Walter Cohen: Black Athena is the center of a massive research project begun about fifteen years ago. Could you explain its scope and argument?
Martin Bernal: The project is on the origins of ancient Greece; it's both historiographie and historical. I set up two accounts for those origins, which I call the Ancient and the Aryan models. We've been schooled in the Aryan model, according to which Greek civilization is the product of conquest from the north by Indo-European speakers, or Aryans. This differs from the accounts by Classical Greeks, who say their ancestors lived in idyllic simplicity until people from Egypt and Phoenicians arrived, built cities, sometimes conquered the local population, and introduced civilization. Volume one is initially concerned with establishing this Ancient model, showing that most Greek descriptions of their distant past fit into this scheme, and seeing how this model fared from early Christianity through the eighteenth century.
How did it fare?
Up to 1800 there was little questioning of the Ancient model. Egypt's reputation actually soared in the eighteenth century as the center of Freemasonry and rationalism.
As evidenced by representations on dollar bills, for instance?
Yes. The pyramid and the eye, the layout of Washington, D.C., the Egyptian symbolism in the Washington monument—all attest to strong Egypto-Masonic influence, particularly on the founding fathers. Masonry was also very influential in the French Revolution, and I think this is one of the reasons for the violent reaction against the Egyptians after 1815. Masonry was seen as a source of revolutionary, secular, antireligious ideas, and of course it contradicted the revival of Christianity that you find in both Catholic and Protestant countries after 1815.
What other forces came into play against Egypt?
Even earlier, in the 1780s, German academics in the new, professionalized universities began to argue that the Greeks had invented philosophy. This was a very bold move to make, particularly because of the unanimous opinion that they had learned philosophy from the Egyptians. So you get some fiddling with the meaning of "philosophy" and redefinitions of it. It was hard to make
the case of Greek origin, but it was done. To sum up: the fall of the Ancient model, which dates from the 1820s and 1830s, was due to external forces—Romanticism, the revival of Christianity, and, underlying everything, a persisting racism.
Let's take up a couple of these points. What about Romanticism?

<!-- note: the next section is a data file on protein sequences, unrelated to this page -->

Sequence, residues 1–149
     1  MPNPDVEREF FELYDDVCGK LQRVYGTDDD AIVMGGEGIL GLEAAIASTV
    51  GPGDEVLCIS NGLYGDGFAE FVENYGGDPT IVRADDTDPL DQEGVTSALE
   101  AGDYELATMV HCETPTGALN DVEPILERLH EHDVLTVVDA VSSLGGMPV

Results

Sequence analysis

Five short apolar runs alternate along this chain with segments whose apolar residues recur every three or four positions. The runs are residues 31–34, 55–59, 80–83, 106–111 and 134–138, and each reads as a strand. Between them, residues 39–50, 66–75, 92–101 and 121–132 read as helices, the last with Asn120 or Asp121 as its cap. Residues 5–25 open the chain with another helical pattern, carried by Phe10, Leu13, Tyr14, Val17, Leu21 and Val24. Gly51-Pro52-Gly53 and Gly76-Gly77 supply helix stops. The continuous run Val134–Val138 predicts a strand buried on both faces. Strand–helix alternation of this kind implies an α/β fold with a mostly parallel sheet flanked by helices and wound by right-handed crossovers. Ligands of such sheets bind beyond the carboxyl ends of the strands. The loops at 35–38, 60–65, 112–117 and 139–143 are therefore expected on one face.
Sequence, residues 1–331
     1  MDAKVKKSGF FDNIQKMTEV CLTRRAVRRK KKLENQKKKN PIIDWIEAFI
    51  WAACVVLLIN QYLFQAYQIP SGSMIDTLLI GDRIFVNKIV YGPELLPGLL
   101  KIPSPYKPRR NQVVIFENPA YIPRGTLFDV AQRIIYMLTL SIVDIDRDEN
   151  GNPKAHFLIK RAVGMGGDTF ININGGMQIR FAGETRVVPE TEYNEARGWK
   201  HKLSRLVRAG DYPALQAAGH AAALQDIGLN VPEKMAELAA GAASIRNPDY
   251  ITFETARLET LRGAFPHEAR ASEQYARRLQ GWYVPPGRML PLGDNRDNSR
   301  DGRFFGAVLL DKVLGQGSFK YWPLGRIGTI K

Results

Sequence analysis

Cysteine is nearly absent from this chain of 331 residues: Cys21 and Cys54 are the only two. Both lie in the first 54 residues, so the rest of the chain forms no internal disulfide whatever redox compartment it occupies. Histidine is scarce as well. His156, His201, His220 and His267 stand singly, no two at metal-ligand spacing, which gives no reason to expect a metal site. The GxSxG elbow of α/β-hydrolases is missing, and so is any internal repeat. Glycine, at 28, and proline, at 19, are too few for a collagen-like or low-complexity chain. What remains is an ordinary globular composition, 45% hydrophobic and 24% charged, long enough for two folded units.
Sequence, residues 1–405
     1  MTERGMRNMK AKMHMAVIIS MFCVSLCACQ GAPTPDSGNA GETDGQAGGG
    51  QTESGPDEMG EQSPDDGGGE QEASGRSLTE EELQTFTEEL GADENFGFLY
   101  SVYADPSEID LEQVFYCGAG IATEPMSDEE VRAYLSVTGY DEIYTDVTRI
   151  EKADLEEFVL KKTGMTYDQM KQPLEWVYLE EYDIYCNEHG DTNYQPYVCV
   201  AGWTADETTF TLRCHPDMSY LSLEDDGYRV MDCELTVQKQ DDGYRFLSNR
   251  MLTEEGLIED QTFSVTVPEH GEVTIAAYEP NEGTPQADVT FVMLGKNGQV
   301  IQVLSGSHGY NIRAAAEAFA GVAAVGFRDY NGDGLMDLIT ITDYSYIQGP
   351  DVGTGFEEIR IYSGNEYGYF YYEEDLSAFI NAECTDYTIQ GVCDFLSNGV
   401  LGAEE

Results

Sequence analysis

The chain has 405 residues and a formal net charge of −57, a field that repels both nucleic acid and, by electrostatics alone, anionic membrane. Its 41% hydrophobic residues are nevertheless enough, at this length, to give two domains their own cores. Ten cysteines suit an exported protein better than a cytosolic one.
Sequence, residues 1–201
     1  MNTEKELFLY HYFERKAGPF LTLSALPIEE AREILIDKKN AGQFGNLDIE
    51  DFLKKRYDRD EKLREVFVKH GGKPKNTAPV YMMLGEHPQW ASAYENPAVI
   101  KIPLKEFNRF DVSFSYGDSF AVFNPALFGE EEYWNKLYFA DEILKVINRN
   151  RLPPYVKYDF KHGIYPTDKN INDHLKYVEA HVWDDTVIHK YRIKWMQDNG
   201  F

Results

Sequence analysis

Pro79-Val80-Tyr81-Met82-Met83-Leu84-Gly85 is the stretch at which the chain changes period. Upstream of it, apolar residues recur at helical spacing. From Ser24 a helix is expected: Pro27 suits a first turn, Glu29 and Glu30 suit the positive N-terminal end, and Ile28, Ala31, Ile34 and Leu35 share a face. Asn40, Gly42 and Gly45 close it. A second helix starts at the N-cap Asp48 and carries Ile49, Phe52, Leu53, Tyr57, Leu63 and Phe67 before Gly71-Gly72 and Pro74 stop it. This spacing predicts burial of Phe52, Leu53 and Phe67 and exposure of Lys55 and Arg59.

There was clearly the desire, at least in Germany, to connect intellectual activity and temperate climates. For the Romantics, the idea that cold climates promote thought is absolutely central. They built on the Classical tradition that northern or mountain peoples are more virtuous—as found in Tacitus's Germania, for instance. But Aristotle was quite clear that though such people might have been braver and perhaps more virtuous, they were less intelligent than southern peoples, whereas the Greeks were, happily, in just the right position—the middle—and therefore had the virtues of both. Now in the eighteenth century, you begin to get the idea that the farther north or up the mountain you go, the better people are—not merely in the virtues of simplicity, but also in the virtues of high and pure thought. That's something I experienced as a student. We went on walking parties in the Lake District, we went to the North and up the mountains, and we went to Switzerland. We thought that Cambridge was better than Oxford because the wind was sweeping down straight from the Pole. The idea that the cold helps the brain cells was and remains quite powerful. Thus there had to be some way to explain how the Greeks, who were now so admired, should actually have been living around the Mediterranean. So the Romantics placed their origins as far north as possible. The Greeks, or Hellenes, were formed in more demanding climates and preserved this northern essence even in comfortable Greece. This argument becomes increasingly biological, even though in the beginning it was cultural.
Could you say a little bit more about the consequences of this particular brand
Egypt's presence on the continent of Africa was awkward for northern Europeans, who had to be systematically racist after the introduction of racebased slavery. But slavery is obviously a big business long before 1820. Its heyday is the eighteenth century, and it faces serious challenges by 1820.
Could you clarify the time scheme?
For a long time it was possible to exempt Egypt from racist denigration. There were three options in viewing it. Either Egypt was civilized but not part of Africa (and hence was white), or Egypt was part of Africa but not civilized, or best of all, Egypt was neither black nor civilized. During the Enlightenment, people essentially took the view that Egypt was civilized and white. We can see that in The Magic Flute: Egypt is the source of philosophy and civilization.
But it is also strikingly white, and in fact the contrast is drawn very categorically by contrasting the high priest of Isis and Osiris with his black slave, who is seen as wicked and the child of his passions. Now it's true—and I miss this in my book—that in the original full libretto, Monostatus's behavior is specifically said to be the result of his slavery, not his color. But this is left out of the standard libretti, and the overall image is of the "lustful Moor," as opposed to the rational white master. The Romantics claimed exactly the opposite—that Egypt wasn't civilized.
Winckelmann argues that one reason why Egyptian art is so bad is that the Egyptians only had ugly people to draw, and he then proceeds to give a stereotypical, grotesque image of blacks. So you had these alternatives being practiced.